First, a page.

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Former President Donald Trump has been indicted on seven criminal counts, multiple news outlets reported Thursday, including charges for allegedly mishandling government materials and conspiring to obstruct justice—which could carry prison sentences if he’s convicted.
The Department of Justice hasn’t released the indictment, so the exact charges are unclear, but Trump attorney Jim Trusty told CNN they appear to include a violation of federal statute 18 U.S.C. §§ 793 and “several” counts of violating 18 U.S.C. §§ 1512 and 1519—though he cautioned the charging details aren’t complete or “biblically accurate” since he has only seen a summons, not the indictment.
Part of the Espionage Act, section e of 18 U.S.C. §§ 793 carries a fine and/or up to 10 years in prison, and prohibits “willfully retain(ing)” national defense information and “fail(ing) to deliver it to the officer or employee of the United States entitled to receive it.”
18 U.S.C. §§ 1519 concerns obstruction, threatening up to 20 years in prison or fines for anyone who “knowingly alters, destroys, mutilates, conceals, covers up, falsifies, or makes a false entry in any record, document, or tangible object” with the intent to “impede, obstruct, or influence” a federal investigation.
18 U.S.C. §§ 1512 includes witness tampering, obstructing an official proceeding and other crimes—punishments vary widely, with obstructing a proceeding or “alter(ing)” records to prevent their use in proceedings drawing up to 20 years in prison and/or a fine, while harassing people to prevent their testimony carries up to three years.
Trusty also said Trump appears to face “false statement” charges: He didn’t cite a specific statute, but some experts have suggested 18 U.S.C. §§ 1001 could be in play, which carries up to five years in prison.
What We Don’t Know
Whether Trump is facing any other charges. Prosecutors said in court documents last year they were investigating whether Trump broke 18 U.S.C. § 2071, in addition to 793 and 1519—though it’s unknown if 2071 was ultimately charged. That statute threatens fines or up to three years in prison to anyone who “conceals, removes, mutilates, obliterates, or destroys” any government documents or “takes and carries away” records with the intent to conceal or destroy them. Meanwhile, legal experts at Just Security argued last week several other criminal charges could be applied to Trump. Their suggestions included criminal contempt for disobeying a court order like a subpoena (18 U.S.C. § 402), which is punishable by up to six months in prison, as well as unauthorized removal or retention of classified materials (18 U.S.C. § 1924), which carries up to five years. They also proposed 18 U.S.C. § 641, which criminalizes “embezzl[ing], steal[ing], purloin[ing]” government materials or converting them to the person’s own use—that crime carries up to 10 years in prison or up to one year, depending on whether the government materials are worth over $1,000.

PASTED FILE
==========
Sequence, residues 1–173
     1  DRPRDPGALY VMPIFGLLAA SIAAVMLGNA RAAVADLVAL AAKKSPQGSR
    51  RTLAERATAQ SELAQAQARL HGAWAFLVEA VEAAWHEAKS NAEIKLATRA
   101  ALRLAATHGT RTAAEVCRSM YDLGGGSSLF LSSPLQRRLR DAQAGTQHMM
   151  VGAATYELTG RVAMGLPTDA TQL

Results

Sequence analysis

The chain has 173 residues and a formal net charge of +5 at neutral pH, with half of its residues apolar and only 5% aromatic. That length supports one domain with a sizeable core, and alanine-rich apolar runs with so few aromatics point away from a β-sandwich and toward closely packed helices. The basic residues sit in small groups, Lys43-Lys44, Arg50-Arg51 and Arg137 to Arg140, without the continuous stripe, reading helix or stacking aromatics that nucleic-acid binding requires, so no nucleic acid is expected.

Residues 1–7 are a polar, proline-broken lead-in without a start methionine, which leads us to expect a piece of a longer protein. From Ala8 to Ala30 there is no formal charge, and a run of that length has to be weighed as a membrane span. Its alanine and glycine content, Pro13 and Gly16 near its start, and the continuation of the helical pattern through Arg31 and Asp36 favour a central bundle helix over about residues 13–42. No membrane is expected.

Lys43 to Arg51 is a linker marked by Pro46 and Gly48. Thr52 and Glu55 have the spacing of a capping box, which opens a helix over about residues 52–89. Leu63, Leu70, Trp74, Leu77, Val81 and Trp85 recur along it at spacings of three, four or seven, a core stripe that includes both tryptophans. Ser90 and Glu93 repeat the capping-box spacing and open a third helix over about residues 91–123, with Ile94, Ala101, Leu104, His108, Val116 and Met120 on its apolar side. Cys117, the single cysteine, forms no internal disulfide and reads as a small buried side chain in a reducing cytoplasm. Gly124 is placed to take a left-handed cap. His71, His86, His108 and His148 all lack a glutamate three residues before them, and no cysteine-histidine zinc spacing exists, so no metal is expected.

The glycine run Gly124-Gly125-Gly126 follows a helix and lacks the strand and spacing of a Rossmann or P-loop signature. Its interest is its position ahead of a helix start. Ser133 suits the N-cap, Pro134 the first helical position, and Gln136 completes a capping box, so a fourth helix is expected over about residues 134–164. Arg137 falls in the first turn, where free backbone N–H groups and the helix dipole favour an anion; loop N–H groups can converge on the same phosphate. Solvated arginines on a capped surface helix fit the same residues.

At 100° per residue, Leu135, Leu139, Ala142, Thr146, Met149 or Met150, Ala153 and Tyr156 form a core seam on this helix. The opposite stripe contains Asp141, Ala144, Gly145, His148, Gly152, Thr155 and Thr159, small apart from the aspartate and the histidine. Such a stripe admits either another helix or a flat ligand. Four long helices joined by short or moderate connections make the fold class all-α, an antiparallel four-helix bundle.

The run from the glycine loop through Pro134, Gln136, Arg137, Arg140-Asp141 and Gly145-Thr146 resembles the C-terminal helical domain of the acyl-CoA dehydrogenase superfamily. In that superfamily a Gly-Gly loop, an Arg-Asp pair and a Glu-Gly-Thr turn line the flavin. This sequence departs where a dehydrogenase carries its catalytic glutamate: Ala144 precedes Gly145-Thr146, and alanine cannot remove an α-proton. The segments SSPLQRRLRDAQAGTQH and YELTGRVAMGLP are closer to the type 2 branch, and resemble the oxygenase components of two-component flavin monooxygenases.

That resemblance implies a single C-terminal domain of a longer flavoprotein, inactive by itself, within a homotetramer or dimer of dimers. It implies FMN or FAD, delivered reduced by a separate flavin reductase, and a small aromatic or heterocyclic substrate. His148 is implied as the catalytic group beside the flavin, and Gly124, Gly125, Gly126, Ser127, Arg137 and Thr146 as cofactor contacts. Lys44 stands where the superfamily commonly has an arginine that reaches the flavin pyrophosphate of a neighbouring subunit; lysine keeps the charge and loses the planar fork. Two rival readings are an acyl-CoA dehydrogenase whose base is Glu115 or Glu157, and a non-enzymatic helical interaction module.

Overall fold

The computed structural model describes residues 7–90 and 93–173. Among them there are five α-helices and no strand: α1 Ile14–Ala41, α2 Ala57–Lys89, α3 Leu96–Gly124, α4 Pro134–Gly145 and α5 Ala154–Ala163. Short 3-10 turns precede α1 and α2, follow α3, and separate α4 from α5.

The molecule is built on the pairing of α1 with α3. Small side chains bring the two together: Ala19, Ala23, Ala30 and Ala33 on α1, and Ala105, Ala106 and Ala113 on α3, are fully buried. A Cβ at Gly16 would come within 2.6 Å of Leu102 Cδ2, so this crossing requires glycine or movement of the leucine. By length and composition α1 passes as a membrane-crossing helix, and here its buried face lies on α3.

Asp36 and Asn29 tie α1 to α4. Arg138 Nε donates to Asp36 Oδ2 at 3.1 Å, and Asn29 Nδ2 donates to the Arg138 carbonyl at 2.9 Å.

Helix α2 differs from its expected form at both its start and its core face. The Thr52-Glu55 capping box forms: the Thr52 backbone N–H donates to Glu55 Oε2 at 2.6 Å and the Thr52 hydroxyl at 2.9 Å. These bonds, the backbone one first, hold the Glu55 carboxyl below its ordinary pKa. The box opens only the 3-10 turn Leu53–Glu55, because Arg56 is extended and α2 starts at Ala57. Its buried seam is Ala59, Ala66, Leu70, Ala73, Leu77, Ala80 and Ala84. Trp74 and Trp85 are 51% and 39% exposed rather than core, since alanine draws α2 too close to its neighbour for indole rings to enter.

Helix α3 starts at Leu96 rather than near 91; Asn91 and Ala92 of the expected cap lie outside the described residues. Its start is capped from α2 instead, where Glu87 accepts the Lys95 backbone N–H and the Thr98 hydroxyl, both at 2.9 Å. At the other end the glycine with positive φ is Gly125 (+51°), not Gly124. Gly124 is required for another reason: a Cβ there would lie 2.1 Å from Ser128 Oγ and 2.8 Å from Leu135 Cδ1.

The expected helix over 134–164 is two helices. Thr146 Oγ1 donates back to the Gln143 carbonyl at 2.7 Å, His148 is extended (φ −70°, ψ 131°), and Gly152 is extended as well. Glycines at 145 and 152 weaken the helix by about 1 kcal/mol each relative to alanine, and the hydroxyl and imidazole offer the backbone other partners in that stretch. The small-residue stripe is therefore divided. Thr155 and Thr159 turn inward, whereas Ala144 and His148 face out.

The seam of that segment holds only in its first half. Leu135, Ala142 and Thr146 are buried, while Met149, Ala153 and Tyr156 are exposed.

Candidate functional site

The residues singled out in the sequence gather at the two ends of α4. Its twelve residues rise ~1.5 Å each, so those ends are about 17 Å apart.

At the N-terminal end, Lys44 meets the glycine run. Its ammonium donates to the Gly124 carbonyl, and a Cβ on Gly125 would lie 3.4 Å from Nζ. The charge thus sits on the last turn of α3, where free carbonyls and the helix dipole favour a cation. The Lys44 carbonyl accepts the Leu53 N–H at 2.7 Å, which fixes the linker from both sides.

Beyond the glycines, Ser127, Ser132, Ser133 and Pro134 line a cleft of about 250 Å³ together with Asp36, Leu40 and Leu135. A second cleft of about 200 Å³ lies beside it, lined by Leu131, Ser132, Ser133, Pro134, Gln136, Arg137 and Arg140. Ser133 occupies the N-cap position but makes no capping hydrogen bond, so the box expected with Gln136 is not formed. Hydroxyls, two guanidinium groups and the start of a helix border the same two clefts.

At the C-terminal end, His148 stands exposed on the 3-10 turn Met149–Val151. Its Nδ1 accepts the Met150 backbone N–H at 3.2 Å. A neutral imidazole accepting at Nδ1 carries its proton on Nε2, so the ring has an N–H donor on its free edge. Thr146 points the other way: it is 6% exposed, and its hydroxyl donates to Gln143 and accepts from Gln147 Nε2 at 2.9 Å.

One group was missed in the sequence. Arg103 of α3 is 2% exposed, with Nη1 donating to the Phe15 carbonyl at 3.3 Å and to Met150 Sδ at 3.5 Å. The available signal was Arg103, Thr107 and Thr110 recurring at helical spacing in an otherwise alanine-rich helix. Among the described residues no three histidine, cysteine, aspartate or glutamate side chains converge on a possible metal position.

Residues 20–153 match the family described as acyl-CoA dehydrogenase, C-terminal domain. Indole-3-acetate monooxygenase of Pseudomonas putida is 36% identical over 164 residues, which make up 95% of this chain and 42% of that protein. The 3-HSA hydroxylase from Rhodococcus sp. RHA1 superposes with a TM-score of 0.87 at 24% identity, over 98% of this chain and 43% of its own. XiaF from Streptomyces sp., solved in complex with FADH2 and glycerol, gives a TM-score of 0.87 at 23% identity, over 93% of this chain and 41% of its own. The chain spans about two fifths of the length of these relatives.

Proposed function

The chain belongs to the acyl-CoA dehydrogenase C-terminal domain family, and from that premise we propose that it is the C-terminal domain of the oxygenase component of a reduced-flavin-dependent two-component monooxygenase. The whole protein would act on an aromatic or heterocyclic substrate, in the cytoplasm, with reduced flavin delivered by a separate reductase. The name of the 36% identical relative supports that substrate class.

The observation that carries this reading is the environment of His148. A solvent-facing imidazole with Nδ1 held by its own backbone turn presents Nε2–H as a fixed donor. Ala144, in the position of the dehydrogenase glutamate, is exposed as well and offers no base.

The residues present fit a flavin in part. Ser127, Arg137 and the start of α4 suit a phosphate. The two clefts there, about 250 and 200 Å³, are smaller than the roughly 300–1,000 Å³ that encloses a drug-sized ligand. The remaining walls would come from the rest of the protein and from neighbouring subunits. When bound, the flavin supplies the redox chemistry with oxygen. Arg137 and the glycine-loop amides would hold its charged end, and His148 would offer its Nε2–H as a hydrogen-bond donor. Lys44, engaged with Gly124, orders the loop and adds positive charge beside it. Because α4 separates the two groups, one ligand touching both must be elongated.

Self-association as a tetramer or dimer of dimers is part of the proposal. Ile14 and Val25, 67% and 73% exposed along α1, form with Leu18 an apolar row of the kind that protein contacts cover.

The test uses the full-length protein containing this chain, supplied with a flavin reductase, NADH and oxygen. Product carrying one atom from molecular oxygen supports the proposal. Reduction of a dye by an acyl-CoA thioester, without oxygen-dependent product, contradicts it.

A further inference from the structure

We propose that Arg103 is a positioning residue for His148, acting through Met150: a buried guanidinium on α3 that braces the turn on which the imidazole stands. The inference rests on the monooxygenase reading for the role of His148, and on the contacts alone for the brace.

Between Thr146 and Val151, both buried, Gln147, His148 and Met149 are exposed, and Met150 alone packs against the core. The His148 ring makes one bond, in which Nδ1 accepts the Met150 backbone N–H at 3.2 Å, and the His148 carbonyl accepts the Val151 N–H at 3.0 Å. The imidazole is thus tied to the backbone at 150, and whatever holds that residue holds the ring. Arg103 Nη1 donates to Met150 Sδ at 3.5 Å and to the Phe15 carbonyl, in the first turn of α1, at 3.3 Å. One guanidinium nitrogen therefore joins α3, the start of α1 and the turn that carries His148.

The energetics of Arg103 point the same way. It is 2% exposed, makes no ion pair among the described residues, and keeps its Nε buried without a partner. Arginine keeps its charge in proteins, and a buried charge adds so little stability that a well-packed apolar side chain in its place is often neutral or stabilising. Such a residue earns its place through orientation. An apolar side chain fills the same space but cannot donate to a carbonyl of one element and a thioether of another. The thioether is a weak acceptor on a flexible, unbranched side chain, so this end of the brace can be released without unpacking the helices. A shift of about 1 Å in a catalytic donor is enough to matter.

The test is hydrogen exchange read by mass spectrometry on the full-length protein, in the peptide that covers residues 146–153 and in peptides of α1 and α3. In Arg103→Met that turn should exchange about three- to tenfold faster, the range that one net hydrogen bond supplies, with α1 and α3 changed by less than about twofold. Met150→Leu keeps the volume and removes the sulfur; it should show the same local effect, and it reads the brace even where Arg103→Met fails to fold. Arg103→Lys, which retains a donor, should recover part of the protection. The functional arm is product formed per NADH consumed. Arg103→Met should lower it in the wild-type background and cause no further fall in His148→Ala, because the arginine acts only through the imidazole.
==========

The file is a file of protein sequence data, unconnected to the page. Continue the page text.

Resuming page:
More than 11,000. That’s the number of White House documents federal investigators have seized from Mar-A-Lago—between the materials that Trump turned over himself and that were found there during a search—including 325 classified materials. Trump has defended himself by claiming he declassified materials—which experts have largely denounced as false, and the ex-president’s attorneys have not claimed in court—but most of the statutes he could be charged apply to both non-classified and classified materials, so Trump could still be charged even if that were the case.
Trump has broadly denied any wrongdoing in the classified documents case, maintaining he was allowed to bring the documents back to Mar-A-Lago with him under the Presidential Records Act and declassified many of the materials. Experts have said Trump’s interpretation of that law is inaccurate and White House materials are legally the property of the National Archives. On Thursday, he called himself an “INNOCENT MAN.”
Trump is now the first former U.S. president to face federal criminal charges, following state criminal charges in an unrelated New York case. The DOJ has been investigating Trump’s retention of White House documents since February 2022, after Trump delivered 15 boxes of records to the National Archives in January 2022 and the agency discovered he had held on to classified materials. Federal investigators subpoenaed Trump for all remaining classified documents in June 2022, but then searched Mar-A-Lago in August after having reason to believe Trump did not turn all the documents over. Investigators found an additional 103 classified documents during the search, raising suspicions that Trump had obstructed the investigation by not fully complying with the subpoena. Special Counsel Jack Smith was appointed to oversee the investigation—along with a separate probe into the aftermath of the 2020 election—in November to avoid any biases, given Trump is challenging President Joe Biden in the 2024 presidential race. Before the charges were reported, a string of recent news reports suggested Smith has obtained damaging information, including an audio recording from 2021 in which Trump acknowledged he kept a classified document, but did not have the power to declassify it now that he had left office. Prosecutors also got detailed descriptions from Trump attorney Evan Corcoran about his work on the case.
Trump Told He’s Under Federal Criminal Investigation—Signaling Potential End To Probe (Forbes)
Trump Documents Investigation Heating Up: Here’s What We Know As Ex-President’s Attorneys Meet With DOJ (Forbes)
Trump Mar-A-Lago Investigation: What To Know As Ex-President Goes To Supreme Court (Forbes)
Model Prosecution Memo for Trump Classified Documents (Just Security)